Environmental Exposures

The Center conducts prospective research studies of pregnant women and their children in the United States, Europe, and Asia. Our largest study is in New York City, tracking low-income African-American and Latino children from Northern Manhattan and the South Bronx since birth through early adolescence. These neighborhoods bear a disproportionate share of the city’s pollution sources. These communities are home to diesel bus depots, major commercial roadways, and deteriorated public housing, which is often infested with pests. Unfortunately, these are conditions are all too common in many urban environments.

There is growing evidence, much of it from our own research, that exposure to pollution sources during the sensitive fetal and early childhood periods can result in multiple adverse health effects. Our team of more than three dozen scientific investigators, trained in fields including environmental exposure assessment, perinatal epidemiology, pediatric oncology, pulmonology, and biostatistics, are studying the effects of early-life exposures to identify which are most harmful and in need of regulation.

  • Air Pollution

    Pollutants in the air we breathe can be bad for our health. Babies in the womb and young children are especially vulnerable as their bodies are growing and developing. Urban air in particular is more polluted than in surrounding regions.

  • Bisphenol-A (BPA)

    Bisphenol-A (BPA) is one of the highest volume chemicals produced worldwide. It is used to harden plastics, keep bacteria from growing in foods, and prevent cans from rusting. It is found in products we use every day: baby bottles, water bottles, food storage containers, the lining of canned goods and cash register receipts.

  • Lead

    Lead poisoning remains the most common environmental hazard for children throughout the United States, affecting approximately 240,000 children ages six years and younger. Lead is a metal found in the environment that can be neurotoxic and carcinogenic to humans. It is inhaled or ingested and carried throughout the body in the bloodstream. All organ systems are susceptible to damage. Pregnant women, babies, and children under six years of age are especially vulnerable. During pregnancy, lead poisoning can result in spontaneous abortions, stillbirth, and low birth weight.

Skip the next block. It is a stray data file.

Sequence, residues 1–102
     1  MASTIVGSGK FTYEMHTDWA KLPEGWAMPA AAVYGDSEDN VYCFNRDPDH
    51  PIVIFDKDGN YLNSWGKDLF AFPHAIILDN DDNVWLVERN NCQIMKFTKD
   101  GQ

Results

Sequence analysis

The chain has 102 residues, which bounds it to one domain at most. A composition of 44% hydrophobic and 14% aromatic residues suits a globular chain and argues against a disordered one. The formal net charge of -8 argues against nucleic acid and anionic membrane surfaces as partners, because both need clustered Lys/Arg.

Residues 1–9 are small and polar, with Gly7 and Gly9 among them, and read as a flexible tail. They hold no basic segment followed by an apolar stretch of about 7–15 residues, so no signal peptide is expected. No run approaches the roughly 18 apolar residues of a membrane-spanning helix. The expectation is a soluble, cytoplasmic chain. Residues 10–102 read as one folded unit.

• Mercury

    Mercury is a metal that is found in air, water, and soil. Mercury does not break down in the environment and is toxic to humans, building up in our bodies over long periods of time. Mercury exists naturally in several forms. It can build to very high levels in certain types of fish that people eat.

  • Mold

    Exposure to molds can be harmful to your health — especially in children, whose defense systems are only partially formed. Our bodies come in contact with mold in three ways: by breathing mold spores that become airborne; by eating mold in food; and by touching mold on surfaces. Over 200 different types of indoor molds have been identified. They grow best in moist, wet environments, and tend to spread rapidly on almost any surface — food, tile, paint, dust, sheetrock, plaster, wood, and fabric.

  • Pest and Pet Allergens

    Exposure to pest allergens from cockroaches, dust mites, and rodents can cause serious allergic and asthmatic reactions. Exposure to these allergens at a young age can increase babies’ and children’s risk of developing asthma and other respiratory symptoms.

  • Pesticides

    Pesticides are chemicals that avert or destroy unwanted pests such as insects, rodents, and fungi. Therefore, it is not surprising that they can harm humans, too. Prenatal and early-life exposure to chemical-based pesticides can permanently change the way biological systems function.

  • Phthalates

    Phthalates are a group of chemicals used to soften plastics in many consumer products, including children’s toys, plastic containers, and personal care products.

  • Polybrominated Diphenyl Ethers (PBDEs)

    Polybrominated diphenyl ethers (PBDEs) are widely used flame-retardant compounds that are applied to a broad array of textiles and consumer products, including mattresses, upholstery, carpeting, building materials, and electronic equipment. Because the compounds are additive rather than chemically bound to the products, they can be released into the environment. They are persistent organic chemicals and can bioaccumulate in the body.

  • Secondhand Smoke

    It has been well documented that exposure to secondhand smoke is extremely unhealthful. Secondhand smoke gets into the air when tobacco products are burned and contains thousands of toxic chemicals.

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